Pliny the Elder, Natural History

LCL 371: 352-353

Tools

Pliny: Natural History

dici. relinqui debent in laeto solo vel umido vel riguo, eaque aqua pluvia rigari aut1 publica. utilissimum, si malae herbae, arare, dein cratire, sarire,2 florem ex fenilibus atque e praesepibus feno dilapsum spargere priusquam cratiantur, nec primo anno rigari, nec pasci ante secunda fenisecia, ne herbae 259vellantur obtrituque hebetentur. senescunt prata restituique debent faba in iis sata vel rapis vel milio, mox insequente anno frumento, rursusque inarata3 tertio relinqui, praeterea quotiens secta sint siciliri, hoc est quae feniseces praeterierunt secari; est enim in primis inutile enasci herbas sementaturas. herba optima in prato trifolii, proxima graminis, pessima nummuli siliquam etiam diram ferentis; invisa et 260equisaeti est, a similitudine equinae saetae.4 secandi tempus cum spica deflorescere coepit atque roborari; secandum antequam inarescat. Cato ‘Fenum,’ inquit, ‘ne sero seces; prius quam semen maturum sit secato.’5 quidam pridie rigant; ubi non sunt rigua, noctibus roscidis secari melius. quaedam partes 261Italiae post messem secant. fuit hoc quoque maioris

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Book XVIII

involves very little outlay; it requires the following remarks to be made about it. Land should be left in grass where the soil is rich or damp or watered by streams, and the meadows should be watered by the rainfall or by a public aqueduct. If there are weeds, the best plan is to plough up the land and then harrow and hoe it, and sprinkle it with seed fallen out of the hay from haylofts and from mangers before the weeds are harrowed; and it is best not to irrigate the land in the first year, nor to use it for grazing before the second cutting of the hay, so that the grass may not be torn up by the roots or trodden down and weakened. Meadows go off with age, and need to be revived by sowing in them a crop of beans or turnip or millet, and afterwards in the following year corn, and in the third year they should again be left fallow; and moreover every time they are cut they should be gone over with the sickle, for the purpose of cutting all the growth that the mowers have passed over; for it is very detrimental indeed for any weeds to spring up that will scatter seeds. The best crop in meadow land is trefoil, the next best grass; money-wort is the worst, and it also bears a terrible pod; horse-hair,a named from its resemblance to horses’ hair, is also a hateful weed. The time for mowing is when the stalk has begun to shed its blossom and to grow strong; the grass must be cut before it begins to dry up. ‘Do not mow your hay too late,’ says Cato; ‘cut it before the seed is ripe.’R.R. LIII. Some farmers irrigate the fields the day before mowing, but where there is no means of doing this it is better to mow when there are heavy falls of dew at night. Some parts of Italy mow after harvest. Mowing was also a more expensive operation in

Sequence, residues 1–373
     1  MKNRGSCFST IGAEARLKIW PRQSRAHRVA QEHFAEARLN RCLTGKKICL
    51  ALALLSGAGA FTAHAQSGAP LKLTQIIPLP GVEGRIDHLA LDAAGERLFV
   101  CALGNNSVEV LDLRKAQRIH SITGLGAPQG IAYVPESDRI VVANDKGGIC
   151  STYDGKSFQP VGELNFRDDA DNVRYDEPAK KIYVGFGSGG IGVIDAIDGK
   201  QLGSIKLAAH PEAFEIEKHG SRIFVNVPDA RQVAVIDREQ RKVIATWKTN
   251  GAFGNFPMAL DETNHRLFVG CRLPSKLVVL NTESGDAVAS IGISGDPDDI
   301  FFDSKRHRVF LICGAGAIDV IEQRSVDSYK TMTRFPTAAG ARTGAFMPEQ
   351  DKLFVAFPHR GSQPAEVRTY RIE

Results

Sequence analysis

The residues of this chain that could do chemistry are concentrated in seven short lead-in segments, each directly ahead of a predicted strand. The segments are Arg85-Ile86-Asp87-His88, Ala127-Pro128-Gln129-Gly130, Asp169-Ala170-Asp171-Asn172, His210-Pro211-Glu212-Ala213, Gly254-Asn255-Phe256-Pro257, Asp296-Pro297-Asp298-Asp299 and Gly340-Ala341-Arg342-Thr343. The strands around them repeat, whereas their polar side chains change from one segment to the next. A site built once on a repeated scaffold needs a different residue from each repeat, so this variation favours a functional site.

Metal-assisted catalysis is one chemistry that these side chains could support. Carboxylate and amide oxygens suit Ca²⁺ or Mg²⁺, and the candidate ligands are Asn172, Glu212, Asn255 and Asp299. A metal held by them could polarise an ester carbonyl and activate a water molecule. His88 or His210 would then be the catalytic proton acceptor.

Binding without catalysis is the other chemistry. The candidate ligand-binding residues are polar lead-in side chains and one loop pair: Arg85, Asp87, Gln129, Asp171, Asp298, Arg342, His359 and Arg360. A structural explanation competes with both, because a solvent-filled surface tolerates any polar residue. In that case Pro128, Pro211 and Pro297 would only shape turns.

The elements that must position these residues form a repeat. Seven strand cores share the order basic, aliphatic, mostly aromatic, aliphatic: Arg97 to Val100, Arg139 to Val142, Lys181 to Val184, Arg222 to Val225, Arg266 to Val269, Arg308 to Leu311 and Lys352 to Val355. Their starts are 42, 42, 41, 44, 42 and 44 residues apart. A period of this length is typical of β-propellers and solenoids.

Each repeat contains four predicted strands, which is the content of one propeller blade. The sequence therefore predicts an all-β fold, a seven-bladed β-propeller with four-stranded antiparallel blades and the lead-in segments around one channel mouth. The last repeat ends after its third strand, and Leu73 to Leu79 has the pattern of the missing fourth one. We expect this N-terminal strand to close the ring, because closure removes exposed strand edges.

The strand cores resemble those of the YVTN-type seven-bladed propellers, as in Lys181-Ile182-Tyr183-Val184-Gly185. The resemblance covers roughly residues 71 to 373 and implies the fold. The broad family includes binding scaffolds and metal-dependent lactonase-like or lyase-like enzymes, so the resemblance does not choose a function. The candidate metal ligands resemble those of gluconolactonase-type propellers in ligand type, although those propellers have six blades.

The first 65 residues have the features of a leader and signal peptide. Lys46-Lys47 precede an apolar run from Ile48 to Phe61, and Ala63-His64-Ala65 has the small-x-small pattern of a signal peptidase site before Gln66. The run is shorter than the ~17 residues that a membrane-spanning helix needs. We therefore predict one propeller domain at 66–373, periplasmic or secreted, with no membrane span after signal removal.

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DOI: 10.4159/DLCL.pliny_elder-natural_history.1938